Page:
Household‐level poverty, consumption poverty thresholds, income inequality and quality of lives in sub‐Saharan Africa
Davidmac O. Ekeocha and
Chimere O. Iheonu
African Development Review, 2021, vol. 33, issue 2, 234-248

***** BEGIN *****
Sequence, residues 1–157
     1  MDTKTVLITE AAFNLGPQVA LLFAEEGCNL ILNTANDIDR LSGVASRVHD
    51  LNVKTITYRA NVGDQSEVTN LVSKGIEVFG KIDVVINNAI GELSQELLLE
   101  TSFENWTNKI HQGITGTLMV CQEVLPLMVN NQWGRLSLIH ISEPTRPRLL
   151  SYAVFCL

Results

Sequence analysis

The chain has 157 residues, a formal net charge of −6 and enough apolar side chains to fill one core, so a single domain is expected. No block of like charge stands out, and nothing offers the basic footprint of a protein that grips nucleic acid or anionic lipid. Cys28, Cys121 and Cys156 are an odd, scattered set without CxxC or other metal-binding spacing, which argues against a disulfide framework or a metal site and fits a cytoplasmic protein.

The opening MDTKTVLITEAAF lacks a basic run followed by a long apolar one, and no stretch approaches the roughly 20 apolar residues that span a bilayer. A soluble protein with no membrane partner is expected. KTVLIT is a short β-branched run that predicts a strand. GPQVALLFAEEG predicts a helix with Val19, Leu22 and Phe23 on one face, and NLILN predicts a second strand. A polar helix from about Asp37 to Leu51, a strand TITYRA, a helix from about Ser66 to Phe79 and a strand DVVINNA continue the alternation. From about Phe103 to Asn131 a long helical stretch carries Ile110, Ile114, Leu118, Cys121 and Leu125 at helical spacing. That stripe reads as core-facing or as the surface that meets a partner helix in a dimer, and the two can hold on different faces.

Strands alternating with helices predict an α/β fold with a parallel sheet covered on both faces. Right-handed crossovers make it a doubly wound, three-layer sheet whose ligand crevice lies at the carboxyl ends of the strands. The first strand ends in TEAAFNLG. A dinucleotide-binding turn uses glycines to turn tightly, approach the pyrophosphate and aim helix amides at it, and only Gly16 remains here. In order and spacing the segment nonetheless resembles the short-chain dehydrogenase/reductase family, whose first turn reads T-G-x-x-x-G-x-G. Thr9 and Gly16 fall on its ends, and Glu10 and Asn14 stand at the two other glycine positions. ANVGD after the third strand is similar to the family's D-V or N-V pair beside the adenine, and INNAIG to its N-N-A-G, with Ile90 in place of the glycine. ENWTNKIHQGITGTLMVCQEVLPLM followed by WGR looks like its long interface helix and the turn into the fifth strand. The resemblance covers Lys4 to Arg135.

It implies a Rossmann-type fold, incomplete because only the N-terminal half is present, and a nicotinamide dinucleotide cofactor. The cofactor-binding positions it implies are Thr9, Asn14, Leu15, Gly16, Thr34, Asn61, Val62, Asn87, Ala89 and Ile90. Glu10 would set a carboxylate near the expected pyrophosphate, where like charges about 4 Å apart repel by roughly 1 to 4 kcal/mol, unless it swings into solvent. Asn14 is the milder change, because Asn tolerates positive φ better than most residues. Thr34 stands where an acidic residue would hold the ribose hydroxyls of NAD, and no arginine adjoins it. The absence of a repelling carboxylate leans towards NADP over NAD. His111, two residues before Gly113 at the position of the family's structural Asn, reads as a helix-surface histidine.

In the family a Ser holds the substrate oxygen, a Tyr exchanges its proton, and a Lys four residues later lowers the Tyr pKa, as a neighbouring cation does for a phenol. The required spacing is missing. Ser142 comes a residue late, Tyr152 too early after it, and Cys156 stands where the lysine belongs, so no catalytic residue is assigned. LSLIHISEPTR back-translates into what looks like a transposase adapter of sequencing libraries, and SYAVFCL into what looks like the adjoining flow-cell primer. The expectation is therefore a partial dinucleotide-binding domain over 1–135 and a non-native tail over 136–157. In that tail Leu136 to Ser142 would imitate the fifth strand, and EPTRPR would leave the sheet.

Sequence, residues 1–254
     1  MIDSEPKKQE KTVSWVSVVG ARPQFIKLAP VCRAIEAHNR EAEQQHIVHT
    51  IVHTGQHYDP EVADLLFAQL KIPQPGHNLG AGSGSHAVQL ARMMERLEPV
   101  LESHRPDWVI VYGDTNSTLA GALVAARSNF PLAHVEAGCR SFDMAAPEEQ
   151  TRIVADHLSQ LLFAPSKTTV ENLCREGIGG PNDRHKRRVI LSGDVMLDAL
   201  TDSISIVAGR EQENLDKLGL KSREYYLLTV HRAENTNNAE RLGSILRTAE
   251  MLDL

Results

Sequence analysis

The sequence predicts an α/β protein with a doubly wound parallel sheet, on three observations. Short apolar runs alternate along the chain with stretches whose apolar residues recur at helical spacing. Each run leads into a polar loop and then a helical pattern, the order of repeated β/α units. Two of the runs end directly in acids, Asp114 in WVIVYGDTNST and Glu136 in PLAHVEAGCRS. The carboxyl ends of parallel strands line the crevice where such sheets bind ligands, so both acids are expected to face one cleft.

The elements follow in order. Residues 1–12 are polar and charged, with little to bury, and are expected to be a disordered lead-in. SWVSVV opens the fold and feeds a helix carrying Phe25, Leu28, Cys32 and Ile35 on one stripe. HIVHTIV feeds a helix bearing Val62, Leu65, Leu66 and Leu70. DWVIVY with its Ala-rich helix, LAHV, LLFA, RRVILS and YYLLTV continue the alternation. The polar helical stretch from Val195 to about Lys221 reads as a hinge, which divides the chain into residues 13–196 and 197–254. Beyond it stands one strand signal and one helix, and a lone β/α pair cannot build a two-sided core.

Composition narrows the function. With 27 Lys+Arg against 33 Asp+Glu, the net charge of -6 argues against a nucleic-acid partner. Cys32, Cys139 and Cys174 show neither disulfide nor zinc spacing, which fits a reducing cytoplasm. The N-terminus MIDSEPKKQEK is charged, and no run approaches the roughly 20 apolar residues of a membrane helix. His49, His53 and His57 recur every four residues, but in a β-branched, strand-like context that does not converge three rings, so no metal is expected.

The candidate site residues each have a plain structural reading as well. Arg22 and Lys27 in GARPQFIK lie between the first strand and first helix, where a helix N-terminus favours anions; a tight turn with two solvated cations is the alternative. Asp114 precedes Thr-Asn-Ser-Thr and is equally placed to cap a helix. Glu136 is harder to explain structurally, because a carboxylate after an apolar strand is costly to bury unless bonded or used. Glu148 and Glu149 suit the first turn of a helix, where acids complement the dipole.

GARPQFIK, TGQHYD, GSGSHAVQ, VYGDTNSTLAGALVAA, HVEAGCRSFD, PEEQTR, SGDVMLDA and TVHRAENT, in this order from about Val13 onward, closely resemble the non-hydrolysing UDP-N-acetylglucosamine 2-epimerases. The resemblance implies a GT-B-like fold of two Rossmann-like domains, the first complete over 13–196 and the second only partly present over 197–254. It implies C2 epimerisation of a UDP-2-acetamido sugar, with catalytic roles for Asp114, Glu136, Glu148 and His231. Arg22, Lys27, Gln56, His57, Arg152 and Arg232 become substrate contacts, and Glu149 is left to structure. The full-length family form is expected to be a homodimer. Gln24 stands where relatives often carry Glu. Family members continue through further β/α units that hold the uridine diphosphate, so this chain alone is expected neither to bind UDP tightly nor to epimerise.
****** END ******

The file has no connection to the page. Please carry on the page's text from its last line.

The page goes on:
Poverty and income inequality are the twin greatest menaces in sub‐Saharan Africa (SSA) with significant prevalence. This study decomposed their significance and probabilities in determining the quality of life (QOL) of individuals and households in SSA while controlling for household demographics. The household‐level poverty (HLP) index and the indexes for QOL indicators were constructed from the national demographic and health surveys (DHS) for SSA countries. Data on consumption poverty thresholds and income inequality are from the global consumption and income project (GCIP) over 1985–2015. Findings reveal that, while the HLP index elicits more rural poverty across regions, consumption poverty thresholds are more urbanized and persistent across regions, except for Central Africa. The results for income inequality were found to be Gini −0.4396 and Atkinson index −0.4437, and more urbanized across regions. Furthermore, we found that SSA has made giant strides towards achieving sustainable development goals (SDGs) 6 and 3 but no information on the quality of healthcare. However, abysmal likelihoods exist for SDGs 4, 7 and 8 in SSA. Similarly, abysmal probabilities were also found for households’ access to adequate housing, a good environment and insurance coverage. Indeed, SDG‐4 is more significant for achieving SDG‐8. HLP stand as a significant bottleneck to achieving SDG‐7 and adequate housing, while income inequality mars SDG‐3 targets and sustainable environmental conditions in SSA. Policy options are discussed.
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